Wednesday, August 25, 2004

A Man's Man

Somehow I missed the news of the passing of a real red-blooded American. Paul Neal ("Red") Adair, firefighter, died on August 7th, aged 89
(from The Economist-subscription required):

From the crater that was Kuwait City's airport, Mr Adair surveyed the scene. The horizon was filled with one continuous fire. At the core of the wells the temperature was 3,000°F, or about the heat needed to melt steel. On the ground, 50 feet away, it was still close to 1,000°. The fires were often not shooting up straight from the wellhead, but spewing out in all directions. Mr Adair and his men donned their overalls, discarded their plastic hats in favour of aluminium, and set about doing their job. "Red", by the way, was then 75.

In retrospect, Mr Adair--never wanting in confidence or cockiness where fires were concerned--thought Kuwait had been easy. "We put all the fires out with water, just went from one to the next." In fact, he reversed the flow in the oil pipes, pumping the nearest sea ("the Adriatic" as he blithely supposed) into the oilfields and saturating the ground with water before capping the wells. His 76th birthday found him joyfully moving the giant valves into position with a crane. In the end, he put out in nine months a conflagration that was expected to burn uncontrollably for three to five years.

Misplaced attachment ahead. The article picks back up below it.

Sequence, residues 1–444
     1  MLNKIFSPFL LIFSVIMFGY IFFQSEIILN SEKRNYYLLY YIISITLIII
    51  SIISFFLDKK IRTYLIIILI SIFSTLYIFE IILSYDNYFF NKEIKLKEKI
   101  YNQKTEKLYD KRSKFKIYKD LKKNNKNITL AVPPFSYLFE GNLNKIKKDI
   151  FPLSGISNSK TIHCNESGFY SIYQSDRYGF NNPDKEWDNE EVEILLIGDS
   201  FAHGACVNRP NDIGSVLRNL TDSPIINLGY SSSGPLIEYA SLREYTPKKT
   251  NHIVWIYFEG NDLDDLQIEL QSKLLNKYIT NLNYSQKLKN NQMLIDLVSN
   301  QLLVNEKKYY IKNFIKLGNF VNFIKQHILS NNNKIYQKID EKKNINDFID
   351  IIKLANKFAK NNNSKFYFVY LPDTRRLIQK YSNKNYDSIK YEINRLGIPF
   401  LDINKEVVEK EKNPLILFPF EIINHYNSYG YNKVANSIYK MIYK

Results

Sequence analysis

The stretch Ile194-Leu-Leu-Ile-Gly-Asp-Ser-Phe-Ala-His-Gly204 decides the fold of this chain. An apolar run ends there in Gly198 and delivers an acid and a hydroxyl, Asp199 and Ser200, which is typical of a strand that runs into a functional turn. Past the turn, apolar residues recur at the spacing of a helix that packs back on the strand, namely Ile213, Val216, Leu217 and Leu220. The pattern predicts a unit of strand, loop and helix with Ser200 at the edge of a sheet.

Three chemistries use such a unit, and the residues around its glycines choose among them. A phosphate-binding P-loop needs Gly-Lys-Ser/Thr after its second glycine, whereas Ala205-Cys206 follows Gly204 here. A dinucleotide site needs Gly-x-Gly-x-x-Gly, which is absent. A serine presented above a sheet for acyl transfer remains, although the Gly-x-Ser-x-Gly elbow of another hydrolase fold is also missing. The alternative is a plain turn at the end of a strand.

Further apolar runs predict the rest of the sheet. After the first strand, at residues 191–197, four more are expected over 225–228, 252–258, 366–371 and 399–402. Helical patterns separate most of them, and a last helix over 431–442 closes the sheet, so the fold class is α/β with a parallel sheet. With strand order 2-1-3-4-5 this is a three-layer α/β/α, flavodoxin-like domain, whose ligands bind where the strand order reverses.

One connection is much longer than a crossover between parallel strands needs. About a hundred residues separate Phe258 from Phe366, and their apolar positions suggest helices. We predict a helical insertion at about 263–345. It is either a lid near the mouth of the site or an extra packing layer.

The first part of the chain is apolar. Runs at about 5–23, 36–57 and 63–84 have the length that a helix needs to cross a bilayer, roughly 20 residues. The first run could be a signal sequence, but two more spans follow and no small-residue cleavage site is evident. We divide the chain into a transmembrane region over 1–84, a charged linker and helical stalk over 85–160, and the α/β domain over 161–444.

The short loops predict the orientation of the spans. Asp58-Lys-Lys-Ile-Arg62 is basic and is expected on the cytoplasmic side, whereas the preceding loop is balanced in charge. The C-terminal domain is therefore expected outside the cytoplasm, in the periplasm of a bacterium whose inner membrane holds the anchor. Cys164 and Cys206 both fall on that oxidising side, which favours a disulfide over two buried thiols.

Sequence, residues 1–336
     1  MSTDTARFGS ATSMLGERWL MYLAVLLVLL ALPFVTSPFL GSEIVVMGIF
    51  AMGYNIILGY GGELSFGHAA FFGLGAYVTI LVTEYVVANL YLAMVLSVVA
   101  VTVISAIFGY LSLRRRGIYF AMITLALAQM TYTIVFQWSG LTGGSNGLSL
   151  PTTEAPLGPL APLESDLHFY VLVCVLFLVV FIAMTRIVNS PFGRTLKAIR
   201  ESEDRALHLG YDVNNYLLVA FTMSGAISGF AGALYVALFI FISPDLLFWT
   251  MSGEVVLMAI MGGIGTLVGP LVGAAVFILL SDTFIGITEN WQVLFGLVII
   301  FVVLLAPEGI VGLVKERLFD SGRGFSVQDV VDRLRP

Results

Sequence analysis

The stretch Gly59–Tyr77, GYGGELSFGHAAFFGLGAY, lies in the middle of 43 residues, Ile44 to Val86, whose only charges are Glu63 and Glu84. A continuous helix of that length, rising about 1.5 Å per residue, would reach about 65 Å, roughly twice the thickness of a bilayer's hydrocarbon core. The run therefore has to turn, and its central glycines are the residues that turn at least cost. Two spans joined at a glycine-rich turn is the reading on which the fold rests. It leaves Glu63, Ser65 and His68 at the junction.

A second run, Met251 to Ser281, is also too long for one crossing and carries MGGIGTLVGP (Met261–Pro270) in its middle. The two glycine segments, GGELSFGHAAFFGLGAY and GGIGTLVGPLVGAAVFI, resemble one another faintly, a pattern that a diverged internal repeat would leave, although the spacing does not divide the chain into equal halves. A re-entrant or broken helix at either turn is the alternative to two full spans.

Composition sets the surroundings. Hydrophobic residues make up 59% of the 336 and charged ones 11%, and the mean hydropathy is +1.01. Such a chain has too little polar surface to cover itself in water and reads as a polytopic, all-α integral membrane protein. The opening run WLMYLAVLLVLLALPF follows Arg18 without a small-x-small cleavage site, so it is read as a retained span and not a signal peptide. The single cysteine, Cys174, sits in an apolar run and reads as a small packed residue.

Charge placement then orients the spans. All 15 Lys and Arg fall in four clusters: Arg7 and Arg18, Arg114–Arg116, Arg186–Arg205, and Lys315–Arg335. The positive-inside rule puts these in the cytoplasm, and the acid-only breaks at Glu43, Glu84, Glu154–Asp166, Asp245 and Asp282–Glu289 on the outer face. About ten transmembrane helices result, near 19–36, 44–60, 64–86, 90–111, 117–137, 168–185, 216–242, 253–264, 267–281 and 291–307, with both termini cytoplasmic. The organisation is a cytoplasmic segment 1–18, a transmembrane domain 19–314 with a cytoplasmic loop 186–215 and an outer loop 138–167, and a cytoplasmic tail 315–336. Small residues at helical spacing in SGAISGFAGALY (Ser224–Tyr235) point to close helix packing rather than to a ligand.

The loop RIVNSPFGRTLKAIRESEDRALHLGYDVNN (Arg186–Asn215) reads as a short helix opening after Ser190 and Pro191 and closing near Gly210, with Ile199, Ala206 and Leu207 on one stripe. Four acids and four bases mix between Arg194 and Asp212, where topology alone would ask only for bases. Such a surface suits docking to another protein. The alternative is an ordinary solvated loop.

I can still recall the awe-filled respect that I felt for Red as a kid, after watching a documentary chronicling his exploits. This guy put out some of the most dangerous fires in the world for a living. And he did it with bravado, creativity, and confidence that marked him as an American original. Today people talk about having a "can do" attitude or "gettin' 'er done". Red Adair did much more than talk. He did whatever had to be done to put out the fire, to finish the job. R.I.P.

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